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Waterfall model

Software Development Life Cycle (SDLC) Models There are many models of software development that have been developed over the years and each has its own defined purpose and disadvantage. It is therefore necessary to completely understand the available models and use the one that best suits the project needs.
Waterfall Model : The model is a step-by-step sequential execution of each phase of the software life cycle. Like the flow of water from a waterfall, the product development flows through each and every phase with reviews conducted at the end of each phase. The model does not encourage revisiting any of the previously completed phases and is hence considered as an inflexible model by many.


Planning :
The feasibility study is used to determine if the project should get the go-ahead. If the project is to proceed, the feasibility study will produce a project plan and budget estimates for the future stages of development.
Requirement Analysis and Design :
Analysis gathers the requirements for the system. This stage includes a detailed study of the business needs of the organization. Options for changing the business process may be considered. Design focuses on high level design like, what programs are needed and how are they going to interact, low-level design (how the individual programs are going to work), interface design (what are the interfaces going to look like) and data design (what data will be required). During these phases, the software's overall structure is defined. Analysis and Design are very crucial in the whole development cycle. Any glitch in the design phase could be very expensive to solve in the later stage of the software development. Much care is taken during this phase. The logical system of the product is developed in this phase.
Implementation :
In this phase the designs are translated into code. Computer programs are written using a conventional programming language or an application generator. Programming tools like Compilers, Interpreters, Debuggers are used to generate the code. Different high level programming languages like C, C++, Pascal, Java are used for coding. With respect to the type of application, the right programming language is chosen.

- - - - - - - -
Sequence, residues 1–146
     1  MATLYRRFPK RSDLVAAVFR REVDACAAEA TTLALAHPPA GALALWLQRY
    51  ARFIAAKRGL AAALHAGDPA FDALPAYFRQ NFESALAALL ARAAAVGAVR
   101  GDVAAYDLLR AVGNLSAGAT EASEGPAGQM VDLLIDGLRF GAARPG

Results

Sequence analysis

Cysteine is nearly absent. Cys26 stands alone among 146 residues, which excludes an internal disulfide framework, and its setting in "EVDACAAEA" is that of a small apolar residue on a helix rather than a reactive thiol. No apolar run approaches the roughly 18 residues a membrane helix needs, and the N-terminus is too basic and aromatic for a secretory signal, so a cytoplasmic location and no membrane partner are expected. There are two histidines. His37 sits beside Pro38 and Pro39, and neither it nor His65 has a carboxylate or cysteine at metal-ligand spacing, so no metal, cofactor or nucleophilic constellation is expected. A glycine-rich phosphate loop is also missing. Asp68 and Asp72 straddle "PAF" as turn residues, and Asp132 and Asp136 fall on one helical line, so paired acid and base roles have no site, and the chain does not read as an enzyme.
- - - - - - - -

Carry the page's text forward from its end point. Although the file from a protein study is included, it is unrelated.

Design includes the Unit testing which is done by the developer to test their modules.
Testing :
In this phase the system is tested. Normally programs are written as a series of individual modules, these subject to separate and detailed test. The system is then tested as a whole. The separate modules are brought together and tested as a complete system. The system is tested to ensure that interfaces between modules work (integration testing), the system works on the intended platform and with the expected volume of data (volume testing) and that the system does what the user requires (acceptance/beta testing).
This also includes the System testing where the software is integrated to the overall product and tested.
Maintenance :
Inevitably the system will need maintenance. Software will definitely undergo change once it is delivered to the customer. There are many reasons for the change. Change could happen because of some unexpected input values into the system. In addition, the changes in the system could directly affect the software operations. The software should be developed to accommodate changes that could happen during the post implementation period.
When to use this model :
  • Requirements are very well known
  • Product definition is stable
  • Technology is understood
  • New version of an existing product
  • Porting an existing product to a new platform
Advantages:
  • Easy to understand, easy to use
  • Provides structure to inexperienced staff
  • Milestones are well understood
  • Sets requirements stability
  • Good for management control (plan, staff, track)
  • Works well when quality is more important than cost or schedule
Deficiencies :
  • All requirements must be known upfront
  • Deliverables created for each phase are considered frozen - inhibits flexibility
  • Can give a false impression of progress
  • Does not reflect problem-solving nature of software development - iterations of phases
  • Integration is one big bang at the end
  • Little opportunity for customer to preview the system (until it may be too late)